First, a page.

Rarely these days does one come across a really good book that is also really well edited. "The Ghost" is just right: as in a good whodunnit there is almost nothing that is extraneous to the plot, but it is so page-turningly readable that you don't have time to put the pieces together before the last page hits you like a pick-axe. All you can do is sit dumbstruck and admire the writer's skill in taking you on such a ride.
The reviews of "The Ghost" seem to be split down the middle, with some readers sorely disappointed by Harris failing to live up to past efforts and other reviewers ecstatic at one of the best political thrillers in years. I'm firmly in the latter camp. I could hardly put it down, was riveted throughout and found the ending chilling. It's up there with John Le Carre's best, in my opinion.
But what really makes this story a masterpiece is the stylistic perfection that Harris has achieved. I cannot explain further without spoiling the book, so I will just say that this is an intelligent thriller that left me satisfied on several levels, and one of them was an appreciation for a piece of writing that really works. I do wonder if some of the disappointed reviewers didn't quite "get" the book.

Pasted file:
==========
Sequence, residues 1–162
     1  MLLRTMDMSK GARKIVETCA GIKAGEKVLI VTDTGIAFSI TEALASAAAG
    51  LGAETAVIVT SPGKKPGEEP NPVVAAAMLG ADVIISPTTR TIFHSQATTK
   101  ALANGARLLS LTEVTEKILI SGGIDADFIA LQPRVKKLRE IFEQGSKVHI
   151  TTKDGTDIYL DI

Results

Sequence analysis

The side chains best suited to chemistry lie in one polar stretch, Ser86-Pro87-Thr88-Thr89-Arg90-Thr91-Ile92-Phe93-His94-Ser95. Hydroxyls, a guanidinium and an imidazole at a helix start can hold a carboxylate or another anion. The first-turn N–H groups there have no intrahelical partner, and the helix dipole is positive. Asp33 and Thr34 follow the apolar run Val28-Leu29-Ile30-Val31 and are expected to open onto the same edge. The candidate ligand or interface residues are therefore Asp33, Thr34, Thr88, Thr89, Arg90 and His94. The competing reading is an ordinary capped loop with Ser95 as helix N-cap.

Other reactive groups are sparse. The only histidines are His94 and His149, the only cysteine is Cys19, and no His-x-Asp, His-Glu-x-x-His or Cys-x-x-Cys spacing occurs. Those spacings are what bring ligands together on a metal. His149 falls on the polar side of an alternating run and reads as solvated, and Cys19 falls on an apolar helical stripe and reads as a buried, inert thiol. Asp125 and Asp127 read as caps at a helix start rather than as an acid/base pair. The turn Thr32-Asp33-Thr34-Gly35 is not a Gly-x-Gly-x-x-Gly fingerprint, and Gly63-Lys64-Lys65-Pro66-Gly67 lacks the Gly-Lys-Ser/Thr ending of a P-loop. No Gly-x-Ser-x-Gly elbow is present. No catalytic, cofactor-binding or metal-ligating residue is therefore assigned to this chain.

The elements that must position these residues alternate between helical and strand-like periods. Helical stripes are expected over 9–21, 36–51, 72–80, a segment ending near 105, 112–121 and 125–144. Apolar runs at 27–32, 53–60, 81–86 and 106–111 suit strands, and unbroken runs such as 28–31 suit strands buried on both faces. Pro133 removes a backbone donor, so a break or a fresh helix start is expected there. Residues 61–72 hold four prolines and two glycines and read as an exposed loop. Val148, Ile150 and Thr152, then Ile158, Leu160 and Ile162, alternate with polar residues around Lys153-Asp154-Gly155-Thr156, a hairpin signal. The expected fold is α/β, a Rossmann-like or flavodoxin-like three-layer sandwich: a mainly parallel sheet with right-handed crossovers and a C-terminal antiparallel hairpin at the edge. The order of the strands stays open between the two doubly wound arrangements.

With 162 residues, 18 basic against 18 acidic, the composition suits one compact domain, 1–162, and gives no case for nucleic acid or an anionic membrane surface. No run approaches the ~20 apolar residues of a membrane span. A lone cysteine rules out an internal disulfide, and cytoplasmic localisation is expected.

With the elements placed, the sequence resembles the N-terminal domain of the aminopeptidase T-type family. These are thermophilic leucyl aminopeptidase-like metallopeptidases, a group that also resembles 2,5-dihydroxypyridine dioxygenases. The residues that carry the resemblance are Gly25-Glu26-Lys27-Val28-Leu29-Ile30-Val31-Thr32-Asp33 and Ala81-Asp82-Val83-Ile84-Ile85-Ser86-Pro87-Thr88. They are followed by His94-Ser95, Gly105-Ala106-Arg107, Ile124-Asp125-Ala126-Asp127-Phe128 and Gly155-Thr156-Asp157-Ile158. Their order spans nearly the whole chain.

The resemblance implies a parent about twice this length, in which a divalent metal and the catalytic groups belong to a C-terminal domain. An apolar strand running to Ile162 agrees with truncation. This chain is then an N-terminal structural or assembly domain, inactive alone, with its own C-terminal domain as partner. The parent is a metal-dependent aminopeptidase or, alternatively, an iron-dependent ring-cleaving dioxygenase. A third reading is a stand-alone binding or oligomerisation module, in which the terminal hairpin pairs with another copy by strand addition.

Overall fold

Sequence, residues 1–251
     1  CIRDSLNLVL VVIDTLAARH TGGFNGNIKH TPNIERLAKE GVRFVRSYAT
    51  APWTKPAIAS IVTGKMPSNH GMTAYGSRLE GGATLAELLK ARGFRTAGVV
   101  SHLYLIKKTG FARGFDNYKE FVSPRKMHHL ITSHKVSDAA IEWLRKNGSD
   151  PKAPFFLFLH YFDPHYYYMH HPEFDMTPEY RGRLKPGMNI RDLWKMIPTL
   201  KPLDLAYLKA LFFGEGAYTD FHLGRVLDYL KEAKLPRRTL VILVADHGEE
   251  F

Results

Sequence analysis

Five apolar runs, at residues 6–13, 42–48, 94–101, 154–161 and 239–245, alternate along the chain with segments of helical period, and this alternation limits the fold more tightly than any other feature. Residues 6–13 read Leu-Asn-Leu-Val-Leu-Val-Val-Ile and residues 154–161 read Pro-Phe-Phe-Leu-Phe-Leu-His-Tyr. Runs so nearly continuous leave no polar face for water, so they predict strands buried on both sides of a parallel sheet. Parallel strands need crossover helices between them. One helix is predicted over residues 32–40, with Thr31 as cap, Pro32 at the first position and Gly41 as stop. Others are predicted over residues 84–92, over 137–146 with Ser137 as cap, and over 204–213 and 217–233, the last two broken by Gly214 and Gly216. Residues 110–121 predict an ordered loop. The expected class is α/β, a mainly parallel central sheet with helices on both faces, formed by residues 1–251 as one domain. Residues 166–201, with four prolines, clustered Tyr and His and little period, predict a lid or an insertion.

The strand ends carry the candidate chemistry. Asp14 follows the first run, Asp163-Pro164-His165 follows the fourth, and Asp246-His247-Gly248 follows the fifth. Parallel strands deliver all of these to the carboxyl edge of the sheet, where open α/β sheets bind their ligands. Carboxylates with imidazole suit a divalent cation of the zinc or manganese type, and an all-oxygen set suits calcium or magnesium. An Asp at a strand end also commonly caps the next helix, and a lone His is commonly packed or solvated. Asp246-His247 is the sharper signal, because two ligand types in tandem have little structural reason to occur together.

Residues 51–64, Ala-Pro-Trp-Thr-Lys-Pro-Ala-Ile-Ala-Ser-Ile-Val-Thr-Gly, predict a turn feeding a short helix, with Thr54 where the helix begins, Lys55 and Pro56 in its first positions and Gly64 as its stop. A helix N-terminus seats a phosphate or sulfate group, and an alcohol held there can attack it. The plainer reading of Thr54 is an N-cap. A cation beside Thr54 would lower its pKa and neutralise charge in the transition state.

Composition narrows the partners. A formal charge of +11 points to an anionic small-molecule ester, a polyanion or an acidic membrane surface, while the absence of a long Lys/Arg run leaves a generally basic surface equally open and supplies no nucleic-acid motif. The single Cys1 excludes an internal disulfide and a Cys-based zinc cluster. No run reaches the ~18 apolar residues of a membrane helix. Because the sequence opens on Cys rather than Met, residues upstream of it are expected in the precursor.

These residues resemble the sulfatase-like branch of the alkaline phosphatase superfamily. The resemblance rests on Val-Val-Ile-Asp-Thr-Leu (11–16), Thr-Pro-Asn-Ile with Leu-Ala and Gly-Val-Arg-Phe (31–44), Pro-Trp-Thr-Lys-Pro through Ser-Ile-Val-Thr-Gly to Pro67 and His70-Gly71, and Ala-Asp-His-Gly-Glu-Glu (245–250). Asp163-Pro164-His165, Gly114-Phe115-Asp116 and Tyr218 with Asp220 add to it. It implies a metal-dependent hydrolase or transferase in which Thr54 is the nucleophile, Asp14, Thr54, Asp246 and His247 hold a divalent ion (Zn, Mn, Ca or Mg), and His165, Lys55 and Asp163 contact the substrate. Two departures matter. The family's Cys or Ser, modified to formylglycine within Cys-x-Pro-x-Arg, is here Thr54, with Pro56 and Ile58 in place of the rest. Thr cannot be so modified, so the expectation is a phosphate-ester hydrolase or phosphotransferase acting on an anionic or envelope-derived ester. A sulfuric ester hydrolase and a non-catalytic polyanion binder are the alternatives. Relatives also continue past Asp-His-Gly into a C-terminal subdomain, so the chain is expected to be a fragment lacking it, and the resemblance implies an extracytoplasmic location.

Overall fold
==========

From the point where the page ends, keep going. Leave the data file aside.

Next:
I confess to having approached "The Ghost" rather warily. I'd heard that it was a thinly veiled attack on Tony Blair, who seemed a tediously easy target and in danger of becoming out of date. Also, I'd read two of Robert Harris' others (Fatherland and Archangel) and although I enjoyed them, I found the ending a tiny bit lame in both.
But "The Ghost" knocked my fears for six. It's true that the prime minister in this has some rather obvious similarities with Blair, who Harris apparently used to be pretty close to, but the book in no way relies on the Blair parallel for its success. And you certainly don't need to have a particular view of Blair to enjoy the story.
And my prejudice about Harris' ability to finish well was unjustified. This ties up the loose ends with a flourish and signs off with a touch of genius. It is surely the mark of a really top-notch thriller that you think you can sort of see how it will all fall into place but then the author pulls a rabbit from the hat at the very last moment.